1. Set up an appointment with the Seller so that you can view the condition of the house.
  2. Evaluate the amount of work that is going to be needed using quick estimates similar to the ones below. Please note these estimates where accurate numbers in the state of Massachusetts as of early 2020 and with the price of labor and materials on the rise will likely not be accurate in the near future:

– Cosmetic Pricing

  • Paint Interior ($600 – $1,000)
  • Carpet/Flooring ($1.47/sqft)
  • Lights ($20 – $200)
  • Paint Exterior ($600 – $1,000)
  • Landscape ($500 – $1,000)

– Remodel Pricing

  • Kitchen ($6,500 – $10,000)
  • Bathrooms ($2,500 – $5,000)
  • Windows ($150/each)
  • Window Trim ($150/each)
  • Appliances ($1,500 – $2,000)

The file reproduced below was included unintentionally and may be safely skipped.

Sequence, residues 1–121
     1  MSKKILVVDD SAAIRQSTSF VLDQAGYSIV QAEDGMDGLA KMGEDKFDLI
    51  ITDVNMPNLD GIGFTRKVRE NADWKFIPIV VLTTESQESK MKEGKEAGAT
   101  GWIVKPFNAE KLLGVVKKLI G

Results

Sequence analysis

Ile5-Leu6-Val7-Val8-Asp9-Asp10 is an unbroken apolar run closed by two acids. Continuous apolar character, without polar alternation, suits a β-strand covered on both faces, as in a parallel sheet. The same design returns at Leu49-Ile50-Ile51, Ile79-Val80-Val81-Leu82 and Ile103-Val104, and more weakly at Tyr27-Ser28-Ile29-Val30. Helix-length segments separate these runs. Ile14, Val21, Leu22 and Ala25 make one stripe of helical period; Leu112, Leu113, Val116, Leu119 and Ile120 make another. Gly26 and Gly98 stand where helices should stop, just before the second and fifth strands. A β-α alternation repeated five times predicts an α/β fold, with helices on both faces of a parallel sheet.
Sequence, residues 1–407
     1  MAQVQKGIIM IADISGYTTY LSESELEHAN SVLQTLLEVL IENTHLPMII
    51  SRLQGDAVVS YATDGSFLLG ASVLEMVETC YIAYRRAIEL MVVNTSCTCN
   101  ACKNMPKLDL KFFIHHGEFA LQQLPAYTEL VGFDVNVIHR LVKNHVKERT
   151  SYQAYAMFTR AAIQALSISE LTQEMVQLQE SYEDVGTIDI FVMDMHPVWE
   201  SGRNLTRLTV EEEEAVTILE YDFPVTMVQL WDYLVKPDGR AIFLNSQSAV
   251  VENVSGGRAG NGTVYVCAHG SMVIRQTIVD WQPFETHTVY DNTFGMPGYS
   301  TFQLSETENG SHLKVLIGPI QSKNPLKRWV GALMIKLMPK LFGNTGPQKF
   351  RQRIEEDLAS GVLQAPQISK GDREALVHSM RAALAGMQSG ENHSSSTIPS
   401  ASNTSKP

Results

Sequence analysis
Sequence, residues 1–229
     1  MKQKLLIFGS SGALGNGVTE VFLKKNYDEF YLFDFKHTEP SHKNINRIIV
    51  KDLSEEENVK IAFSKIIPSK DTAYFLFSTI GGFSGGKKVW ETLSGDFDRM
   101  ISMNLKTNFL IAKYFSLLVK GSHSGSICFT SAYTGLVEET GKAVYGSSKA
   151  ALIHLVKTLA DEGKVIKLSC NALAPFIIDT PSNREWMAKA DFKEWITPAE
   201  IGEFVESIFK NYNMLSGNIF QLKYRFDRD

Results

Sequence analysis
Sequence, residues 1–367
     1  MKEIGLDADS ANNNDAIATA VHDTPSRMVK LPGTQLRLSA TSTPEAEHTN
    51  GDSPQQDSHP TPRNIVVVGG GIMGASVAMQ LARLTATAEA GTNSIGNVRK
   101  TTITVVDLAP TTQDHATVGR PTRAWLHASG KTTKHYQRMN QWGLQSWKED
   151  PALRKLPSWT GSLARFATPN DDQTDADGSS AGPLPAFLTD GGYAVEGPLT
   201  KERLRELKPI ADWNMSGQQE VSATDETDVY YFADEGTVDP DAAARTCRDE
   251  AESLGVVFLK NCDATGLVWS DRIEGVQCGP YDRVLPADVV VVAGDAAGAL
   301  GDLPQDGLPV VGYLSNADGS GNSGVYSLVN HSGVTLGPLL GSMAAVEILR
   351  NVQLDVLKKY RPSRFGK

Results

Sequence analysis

– Mechanical Repairs

  • Water Heater ($1,000)
  • Central Air ($2,500)
  • Electrical ($4,000)
  • Plumbing ($3,000)

– Structural Repairs

  • Roof ($4,000)
  • Siding (3,000 – $5,000)

– Quick Estimates

  • Cosmetic Only – $10K
  • Cosmetic, New Kitchen and Baths – $20K
  • Cosmetics, New Kitchen, Baths, Central Air and Roof – $30K
  • Full Rehab – $35K – $40K

NOTE: These “Quick Estimates” only apply to homes that are 1,000 – 2,000sqft. For homes that are 2,000 sqft and above, increase estimate by 30%. For Rental Homes, lower estimate by 40%

What Price To Offer The Seller

Now it’s time to calculate your MAO (Maximum Allowable Offer) is the maximum you can pay the Seller for a property. This number as to include your Assignment Fee which is the fee you charge for finding the deal. This is the price you tell the seller is your maximum offer. Stick to it.

Do not change the offer amount even if it seems to be too low. After to lock down the property with the seller you are going to market this property to potential investment buyers and they will need to make sure the deal has meat on the bone for themselves.

Below is how to calculate MAO on the property that will be assigned to a flip/rehab investor: